Rose Lavelle has represented the U.S. women's national soccer team dozens of times. She's played with her idols, flourished on the largest stages and won a World Cup.
Yet, there's one achievement the 26-year-old midfielder hasn't accomplished: represent her country in the Olympics. And at the moment, coach Vlatko Andonovski is on a tight schedule to submit the 18-player roster ahead of July's games.
In the meantime, Lavelle is balancing rehabbing a nagging ankle with her club and national team schedules, anxiously awaiting Andonovski's decision.
"The Olympics is the pinnacle of sports," Lavelle said, speaking to USA TODAY Sports as part of her partnership with Icy Hot, the first female ambassador for the brand. "To like potentially be a part of that is amazing."
Lavelle's memories of the Olympics are jumbled into a collage. No one moment stands out. Instead, when she considered her favorite memory, it was sitting on a couch, every four years, consuming the 24-hour cycle of competition like "a sports junkie."
If she makes it, the expectations will be high and the road to Olympic glory will be difficult. The U.S. team has two games against Mexico before departing for Tokyo, the first one July 1 in East Hartford, Connecticut. The two teams play again four days later at the same venue.
The Americans open the Olympic tournament against Sweden on July 21, then they face New Zealand on July 24. The USA's group stage finishes against Australia on July 27.
When the USWNT was eliminated by Sweden in the quarterfinals of the 2016 Olympics, it marked the first time the team failed to win a medal since women's soccer was added to the Olympic program in 1996 for the Atlanta Games. Before the Rio Games, the Americans had won every gold at the Olympics except for 2000, when they claimed silver behind Norway.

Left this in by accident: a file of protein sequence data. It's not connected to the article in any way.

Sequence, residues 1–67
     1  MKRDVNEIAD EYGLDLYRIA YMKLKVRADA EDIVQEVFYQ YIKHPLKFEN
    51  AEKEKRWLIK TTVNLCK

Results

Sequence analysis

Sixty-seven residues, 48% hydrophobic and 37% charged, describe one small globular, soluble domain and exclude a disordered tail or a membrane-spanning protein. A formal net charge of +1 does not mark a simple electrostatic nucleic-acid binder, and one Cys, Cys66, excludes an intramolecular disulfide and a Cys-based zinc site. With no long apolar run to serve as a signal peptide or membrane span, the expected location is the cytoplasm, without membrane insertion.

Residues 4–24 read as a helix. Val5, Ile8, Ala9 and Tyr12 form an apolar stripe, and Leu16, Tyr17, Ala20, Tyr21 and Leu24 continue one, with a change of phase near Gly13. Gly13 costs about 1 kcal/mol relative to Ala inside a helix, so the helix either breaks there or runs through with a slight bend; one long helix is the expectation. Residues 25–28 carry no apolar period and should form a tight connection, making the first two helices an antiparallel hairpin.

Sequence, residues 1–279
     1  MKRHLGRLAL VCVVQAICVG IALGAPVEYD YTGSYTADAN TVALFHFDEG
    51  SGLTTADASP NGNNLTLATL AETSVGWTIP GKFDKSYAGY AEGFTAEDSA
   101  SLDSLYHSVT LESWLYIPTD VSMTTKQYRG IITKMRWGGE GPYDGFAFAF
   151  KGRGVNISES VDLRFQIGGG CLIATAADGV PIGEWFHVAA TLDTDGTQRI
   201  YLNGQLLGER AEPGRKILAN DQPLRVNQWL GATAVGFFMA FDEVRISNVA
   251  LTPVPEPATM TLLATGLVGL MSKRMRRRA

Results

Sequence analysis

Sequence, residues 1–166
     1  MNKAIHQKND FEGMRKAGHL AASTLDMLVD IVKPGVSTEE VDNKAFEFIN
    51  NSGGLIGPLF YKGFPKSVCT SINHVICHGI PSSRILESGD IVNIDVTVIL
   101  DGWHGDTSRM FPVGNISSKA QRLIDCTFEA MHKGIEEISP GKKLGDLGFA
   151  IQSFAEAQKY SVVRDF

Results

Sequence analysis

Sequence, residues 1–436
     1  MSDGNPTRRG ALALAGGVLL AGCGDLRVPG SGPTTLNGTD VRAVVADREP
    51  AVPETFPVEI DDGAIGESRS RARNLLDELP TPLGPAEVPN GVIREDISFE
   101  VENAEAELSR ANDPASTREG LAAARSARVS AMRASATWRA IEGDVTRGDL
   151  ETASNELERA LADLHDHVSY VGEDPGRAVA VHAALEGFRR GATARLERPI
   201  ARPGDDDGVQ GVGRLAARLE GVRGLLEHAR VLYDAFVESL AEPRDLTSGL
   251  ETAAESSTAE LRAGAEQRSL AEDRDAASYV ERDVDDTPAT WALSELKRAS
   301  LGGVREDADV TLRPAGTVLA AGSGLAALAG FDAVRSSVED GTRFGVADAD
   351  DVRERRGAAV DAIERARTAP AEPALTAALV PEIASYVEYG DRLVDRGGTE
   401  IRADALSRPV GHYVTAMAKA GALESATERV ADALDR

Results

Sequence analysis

Despite the USWNT's No. 1 ranking by FIFA, redemption is never guaranteed. The United States' group is the only one with three of its four teams ranked in the top 10. And unlike the 23-player rosters for the Women's World Cup, the 18 players on the Olympic roster will be stretched thin across their schedule.
Still, success means everything to Lavelle because it ushers in continued growth and participation among girls in sports. While overall participation has increased dramatically over decades, according to the Women's Sports Foundation, by age 14, girls drop out of sports at twice the rate of boys.
Becoming an Olympian means Lavelle can continue motivating generations of young athletes. She said one of the largest factors that motivated her growing up was watching her idols and wanting to be like them.
"I think it's like so important for girls to see female athletes succeeding and getting the attention and the value and the investment that they deserve," Lavelle said.
That increased investment and attention, Lavelle said, is something that can make young girls feel like there's a place for them as athletes.
When the World Cup ended and Lavelle and her teammates finished celebrating, Lavelle noticed something different. The attention surrounding the sport didn't dissipate for another four years.
With the Olympics looming, and a chance for Lavelle to once again represent her country, a win means being one step closer to making sure she leaves soccer in a better position than when she found it.
"I think that women's soccer and women's sports is starting to get the attention that it deserves," Lavelle said. "People are starting to see the value and the excitement around women's sports."